Challenging Times For The Arts Demand Creative Thinking

Ever since the emergence of sport, music and media as preferred destinations for sponsors, arts institutions have found it challenging to secure commercial partners. But the job has become even harder in the last couple of years as a growing number of stakeholders within the arts community and beyond have started to question the company that some of the UK’s most illustrious arts organisations and events keep.

Oil giant BP, for example, has been a lightning rod for criticism, with opponents objecting to its links with the Royal Opera House, British Museum, National Portrait Gallery and Royal Shakespeare Company. Such is the pressure that has been brought to bear that the RSC decided, last week, to end its partnership with BP two years early. The National Theatre has followed suit by severing links with Shell. As the result, other institutions, already subjected to numerous protests and complaints, are likely to face strong calls to follow suit.

It’s not just oil companies that have been subjected to scrutiny either. Defence company BAE Systems withdrew a high-profile arts sponsorship last year while Stagecoach South East was forced to withdraw from the Turner Prize in a controversy related to LGBT rights. Elsewhere, the Sackler Trust has recently stopped funding the arts after becoming embroiled in a series of legal disputes regarding its connection to the US opioid crisis.

An obvious concern for arts institutions is that this backlash against brands might become infectious (forcing incumbent sponsors to pull out and persuading potential partners to spend their money elsewhere). But at time of writing there does seem to be a pragmatic acknowledgement that the arts sector needs support from the commercial sector if it is to deliver against outreach, inclusion, diversity and accessibility goals.

The Tate Modern, for example, has not really attracted much censure for its high-profile partnership with Hyundai, despite the latter’s clear connection with the oil industry. And BMW’s prestigious Art Car project is a long-standing example of how automotive and art sector can work in partnership.

Similarly, air travel is widely acknowledged to be a leading contributor to CO2 emissions, but once again there are high-profile arts sponsors in this sector, notably Manchester Airports and leading airline Emirates. Rolls-Royce, which straddles automotive and airlines, has worked with East Midlands’ orchestra Sinfonia Viva – part of the company’s target of reaching six million people through STEM activities by 2020.

Global finance, another high-profile target for critics and activitists, also continues to be deeply embedded in the arts sector – as do fashion and luxury. At time of writing, brands ranging from BNY Mellon and UBS to Hugo Boss and Bulgari are involved in arts events, exhibitions and galleries around the world. Within the UK, First Direct has forged and effective partnership with the Northern Ballet, while Santander is a long term supporter of entrepreneurs at the British Library.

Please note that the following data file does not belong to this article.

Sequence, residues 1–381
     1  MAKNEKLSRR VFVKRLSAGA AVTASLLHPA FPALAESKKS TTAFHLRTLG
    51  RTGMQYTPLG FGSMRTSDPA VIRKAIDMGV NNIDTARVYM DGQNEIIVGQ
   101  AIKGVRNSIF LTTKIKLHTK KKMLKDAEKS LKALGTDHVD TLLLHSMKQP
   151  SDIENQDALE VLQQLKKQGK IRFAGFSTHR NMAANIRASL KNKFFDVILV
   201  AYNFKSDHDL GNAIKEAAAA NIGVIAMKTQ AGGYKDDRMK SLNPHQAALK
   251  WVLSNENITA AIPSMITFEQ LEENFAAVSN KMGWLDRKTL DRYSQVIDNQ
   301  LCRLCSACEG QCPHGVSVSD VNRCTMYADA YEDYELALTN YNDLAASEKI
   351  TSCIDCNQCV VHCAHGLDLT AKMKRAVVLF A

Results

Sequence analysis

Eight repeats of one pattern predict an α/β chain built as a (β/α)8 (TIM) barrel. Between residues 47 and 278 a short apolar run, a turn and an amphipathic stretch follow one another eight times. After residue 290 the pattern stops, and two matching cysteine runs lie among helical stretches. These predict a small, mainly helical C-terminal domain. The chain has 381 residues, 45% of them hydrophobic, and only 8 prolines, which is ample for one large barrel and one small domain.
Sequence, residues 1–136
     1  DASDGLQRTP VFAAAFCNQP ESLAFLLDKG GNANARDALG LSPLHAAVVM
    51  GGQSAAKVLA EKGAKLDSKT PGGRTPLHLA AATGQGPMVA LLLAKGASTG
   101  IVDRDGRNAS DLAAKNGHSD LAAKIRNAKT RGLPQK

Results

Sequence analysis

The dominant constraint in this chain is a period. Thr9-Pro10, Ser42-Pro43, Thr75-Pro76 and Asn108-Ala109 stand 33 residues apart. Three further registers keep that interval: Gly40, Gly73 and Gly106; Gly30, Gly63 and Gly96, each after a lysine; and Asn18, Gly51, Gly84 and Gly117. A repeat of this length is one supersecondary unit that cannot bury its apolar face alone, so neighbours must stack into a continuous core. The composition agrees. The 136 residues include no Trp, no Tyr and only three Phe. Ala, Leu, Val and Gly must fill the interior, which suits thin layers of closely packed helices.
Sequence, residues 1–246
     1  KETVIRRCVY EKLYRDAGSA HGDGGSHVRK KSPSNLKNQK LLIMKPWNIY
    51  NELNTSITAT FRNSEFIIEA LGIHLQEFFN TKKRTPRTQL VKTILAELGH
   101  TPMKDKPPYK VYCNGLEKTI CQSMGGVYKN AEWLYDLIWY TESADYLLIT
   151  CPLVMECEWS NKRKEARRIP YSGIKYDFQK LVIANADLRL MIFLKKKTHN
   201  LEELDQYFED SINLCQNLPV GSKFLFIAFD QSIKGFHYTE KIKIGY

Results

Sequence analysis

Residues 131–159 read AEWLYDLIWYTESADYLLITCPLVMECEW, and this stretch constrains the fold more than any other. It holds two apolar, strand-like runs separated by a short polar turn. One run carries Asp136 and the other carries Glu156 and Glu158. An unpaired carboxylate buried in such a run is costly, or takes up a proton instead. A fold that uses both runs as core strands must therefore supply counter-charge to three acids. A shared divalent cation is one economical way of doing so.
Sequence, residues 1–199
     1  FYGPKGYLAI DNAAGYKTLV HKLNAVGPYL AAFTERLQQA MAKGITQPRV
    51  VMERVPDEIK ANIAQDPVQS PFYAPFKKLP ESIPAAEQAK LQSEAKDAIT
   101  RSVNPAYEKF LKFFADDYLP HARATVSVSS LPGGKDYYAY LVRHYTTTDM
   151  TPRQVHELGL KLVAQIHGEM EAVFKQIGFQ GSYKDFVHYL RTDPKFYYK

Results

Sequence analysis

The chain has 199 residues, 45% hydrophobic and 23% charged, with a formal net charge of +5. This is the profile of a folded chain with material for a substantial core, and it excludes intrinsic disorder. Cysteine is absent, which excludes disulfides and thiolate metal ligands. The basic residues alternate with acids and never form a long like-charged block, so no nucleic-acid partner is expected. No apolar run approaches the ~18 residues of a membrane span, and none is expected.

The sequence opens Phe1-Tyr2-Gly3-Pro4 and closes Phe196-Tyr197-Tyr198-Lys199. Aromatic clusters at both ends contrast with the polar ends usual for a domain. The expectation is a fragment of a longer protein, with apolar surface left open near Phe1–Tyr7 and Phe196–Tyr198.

But what if this changes? Where might arts institutions go next if the criticism of BP spills over into other industrial sectors? Well, it has to be stressed that there are very few business sectors that are completely fault free, but below are several industry categories where arts institutions have already found viable partnerships and may be able to uncover new ones.

Professional Services: 

Accountants, lawyers and consultants also have their critics, but they tend to be one stage removed from the kind of allegations hurled at big industrial beasts like BP. 2019’s winner of the UK Sponsorship Awards Art prize, for example, was Accenture, National Theatre’s Partner for Innovation. This partnership has led to the development and execution of the NT’s smart caption glasses for D/Deaf or hard-of-hearing patrons; a transformative innovation. The sponsorship underlines how companies perceived as culturally or socially ‘additive’ can slot into the arts neatly. EY’s enduring partnership with the Tate (2013-2022), based around support for exhibitions, is another example. Among law firms, Linklaters and Charles Russell Speechlys are active supporters of the arts, while ad agency MullenLowe Group has been sponsor of Central Saint Martins’ Degree Shows for the last decade.

Technology, Media & Telecom:

The above point also extends to companies that are driving the digital agenda – since they have a good track record of extending the reach of arts institutions. BT’s partnership with the Tate was an early example, but more recent sponsorships include Samsung’s support for the Science Museum and Telstra’s support for indigenous art in Australia. Still in Australia, Vodafone is a supporter of Sydney’s annual Gay and Lesbian Mardi Gras. Closer to home, Three Mobile recently sponsored Central Saint Martins’ prestigious MA Fashion Press Show – described as “the first mixed reality fashion show powered by 5G”. Selected guests wore AR headsets to experience animated motifs as part of the catwalk collection of student designer Gerrit Jacob. CSM is now finalising a partnership with Three which will include a 5G Digital Lab. Often TMT sponsorships are about adding communication capabilities to the arts; but digital technology can be used to directly impact on creativity. Recent years, for example, have seen digital tech used to paint a very good ‘original’ Rembrandt and voice a JFK speech. Huawei, meanwhile, used artificial intelligence to complete Schubert’s Unfinished Symphony. Presumably there is an interesting angle here for arts organisations looking to create a relevant brand partnership.